Go the Naki! (8/17/09)
As of tomorrow, I am halfway done with classes at Vic. And band camp hasn’t even started at Delaware yet. Bizarre.
I had another amazing, albeit rainy, weekend in the Taranaki region, on the west coast of the North Island. The main town is New Plymouth but the main attraction is DEFINITELY Mt. Taranaki, an active volcano which peaks at 2518 metres above sea level. During the heart of winter, it is extremely difficult to reach the peak, especially with the lack of gear that I have with me in NZ. Although it was quite misty for most of the time we were there, the peak did emerge from the mist on Sunday for about 15 minutes, allowing me to snap a few pictures.
We attempted to do some short walks around the mountain on Saturday, but heavy rain and even some snow kept us at bay. Instead we checked out Puke Ariki, a museum in New Plymouth that has exhibits about the history of Mt. Taranaki, Maori culture and New Zealand ecology. It was fun to explore for the afternoon. That evening, we headed to TSB Bank field for my first rugby match! Taranaki was playing Hawkes Bay, so it was a battle between the two places I’ve visited on the North Island! I had no idea what was going on, but it was really fun regardless. I think my favorite part was when a couple from India sitting in front of us turned around and asked us who was the better team. Our response was that we didn’t even know which team was which. However, if was a great experience and only cost $5 thanks to my uni ID.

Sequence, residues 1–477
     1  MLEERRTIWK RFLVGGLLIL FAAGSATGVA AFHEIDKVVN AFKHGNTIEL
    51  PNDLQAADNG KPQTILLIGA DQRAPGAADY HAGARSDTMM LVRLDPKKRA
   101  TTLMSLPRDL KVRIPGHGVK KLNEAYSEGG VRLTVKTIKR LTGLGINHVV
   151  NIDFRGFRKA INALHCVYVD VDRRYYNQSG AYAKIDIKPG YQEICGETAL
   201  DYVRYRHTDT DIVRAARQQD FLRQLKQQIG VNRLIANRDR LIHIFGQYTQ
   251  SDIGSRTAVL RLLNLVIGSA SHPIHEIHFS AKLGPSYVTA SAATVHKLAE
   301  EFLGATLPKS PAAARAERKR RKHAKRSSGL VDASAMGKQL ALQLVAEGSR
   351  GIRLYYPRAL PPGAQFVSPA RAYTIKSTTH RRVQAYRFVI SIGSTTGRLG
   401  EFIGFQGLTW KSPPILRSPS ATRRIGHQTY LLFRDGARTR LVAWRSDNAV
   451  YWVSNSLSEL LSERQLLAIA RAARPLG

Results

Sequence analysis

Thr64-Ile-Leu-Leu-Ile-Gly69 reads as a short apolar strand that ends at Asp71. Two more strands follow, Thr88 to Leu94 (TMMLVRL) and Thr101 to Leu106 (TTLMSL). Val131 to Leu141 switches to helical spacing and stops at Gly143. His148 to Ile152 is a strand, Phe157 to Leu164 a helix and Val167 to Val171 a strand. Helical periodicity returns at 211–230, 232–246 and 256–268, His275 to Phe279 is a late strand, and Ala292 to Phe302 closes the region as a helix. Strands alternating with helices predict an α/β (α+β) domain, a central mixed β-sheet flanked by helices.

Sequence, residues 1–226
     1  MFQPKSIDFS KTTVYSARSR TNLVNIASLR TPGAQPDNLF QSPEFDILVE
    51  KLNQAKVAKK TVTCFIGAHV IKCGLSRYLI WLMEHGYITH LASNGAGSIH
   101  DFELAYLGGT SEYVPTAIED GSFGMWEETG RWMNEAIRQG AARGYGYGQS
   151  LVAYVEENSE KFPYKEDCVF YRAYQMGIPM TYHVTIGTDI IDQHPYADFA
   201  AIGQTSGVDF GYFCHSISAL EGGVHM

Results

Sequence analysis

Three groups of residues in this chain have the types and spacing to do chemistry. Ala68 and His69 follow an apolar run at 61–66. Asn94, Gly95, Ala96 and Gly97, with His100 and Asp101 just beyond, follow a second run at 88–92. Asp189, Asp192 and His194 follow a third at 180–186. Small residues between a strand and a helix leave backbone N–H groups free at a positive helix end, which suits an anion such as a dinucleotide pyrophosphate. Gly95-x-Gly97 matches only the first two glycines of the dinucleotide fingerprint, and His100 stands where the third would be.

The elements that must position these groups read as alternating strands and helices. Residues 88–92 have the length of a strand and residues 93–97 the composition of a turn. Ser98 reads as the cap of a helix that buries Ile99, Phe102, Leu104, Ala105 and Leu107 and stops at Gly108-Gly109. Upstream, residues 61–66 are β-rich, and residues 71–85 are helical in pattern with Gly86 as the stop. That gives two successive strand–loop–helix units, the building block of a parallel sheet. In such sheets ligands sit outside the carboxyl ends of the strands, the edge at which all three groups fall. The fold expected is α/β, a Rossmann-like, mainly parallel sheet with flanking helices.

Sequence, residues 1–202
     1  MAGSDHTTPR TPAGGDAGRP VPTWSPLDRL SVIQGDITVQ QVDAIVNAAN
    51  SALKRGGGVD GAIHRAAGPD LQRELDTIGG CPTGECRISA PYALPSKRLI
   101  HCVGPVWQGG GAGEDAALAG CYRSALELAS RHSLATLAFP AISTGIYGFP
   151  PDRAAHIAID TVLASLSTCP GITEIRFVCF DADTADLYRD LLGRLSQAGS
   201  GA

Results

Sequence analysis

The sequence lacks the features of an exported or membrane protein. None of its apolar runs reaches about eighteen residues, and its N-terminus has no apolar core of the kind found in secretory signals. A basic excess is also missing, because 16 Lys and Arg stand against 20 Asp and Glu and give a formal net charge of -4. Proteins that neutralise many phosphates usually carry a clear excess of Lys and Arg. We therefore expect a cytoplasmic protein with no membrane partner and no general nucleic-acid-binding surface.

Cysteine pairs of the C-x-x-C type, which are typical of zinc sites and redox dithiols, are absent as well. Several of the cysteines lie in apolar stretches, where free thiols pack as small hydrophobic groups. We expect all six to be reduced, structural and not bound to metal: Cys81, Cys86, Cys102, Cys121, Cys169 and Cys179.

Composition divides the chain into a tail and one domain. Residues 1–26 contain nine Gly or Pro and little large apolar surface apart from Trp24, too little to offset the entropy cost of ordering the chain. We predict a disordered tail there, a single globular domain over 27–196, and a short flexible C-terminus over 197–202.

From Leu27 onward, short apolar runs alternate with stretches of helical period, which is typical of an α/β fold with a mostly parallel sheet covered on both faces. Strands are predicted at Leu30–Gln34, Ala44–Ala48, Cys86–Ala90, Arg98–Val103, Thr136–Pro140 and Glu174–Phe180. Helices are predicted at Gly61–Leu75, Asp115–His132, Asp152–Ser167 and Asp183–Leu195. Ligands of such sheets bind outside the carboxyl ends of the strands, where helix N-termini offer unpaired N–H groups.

Saturday night we headed to a local pub where the team was celebrating their draw (better than a loss, and MAN what a comeback). On Sunday morning, we got an earlier start and headed around the coast, which was a beautiful drive. This was when Mt. Taranaki chose to appear through the clouds. We continued driving until we reached the guiding stone.
The story of the guiding stone is a Maori legend about two great mountains. As legend has it, Mt. Taranaki and Mt. Tongariro were fighting over Mt. Pihanga, the only female volcano. As the two volcanos fought, they spit fire and ash between the two. In the end, Tongariro was victorious and made Taranaki leave. Here’s map to help you better understand:
Taranaki used the guiding stone to find his way to his current home on the West Coast. There are still some who will not drive their car between the two because they are afraid that the mountains will begin fighting again and spit fire across the North Island.
After the guiding stone, we travelled up the mountain to see Dawson Falls. But first we got slowed down by a herd of cattle walking down the road.
Once we got to the trailhead, it was only about a 5 minute walk to get to the falls. However, it was pouring rain. Pouring. However, it was well worth it. The falls were freezing, since most of the water comes from melting snow and the water was making an incredible amount of wind when it hit the pool at the bottom.
I’m so glad I got to travel to yet another absolutely beautiful part of this country. Stay posted in the next couple days for my travel plans for the mid-semester break.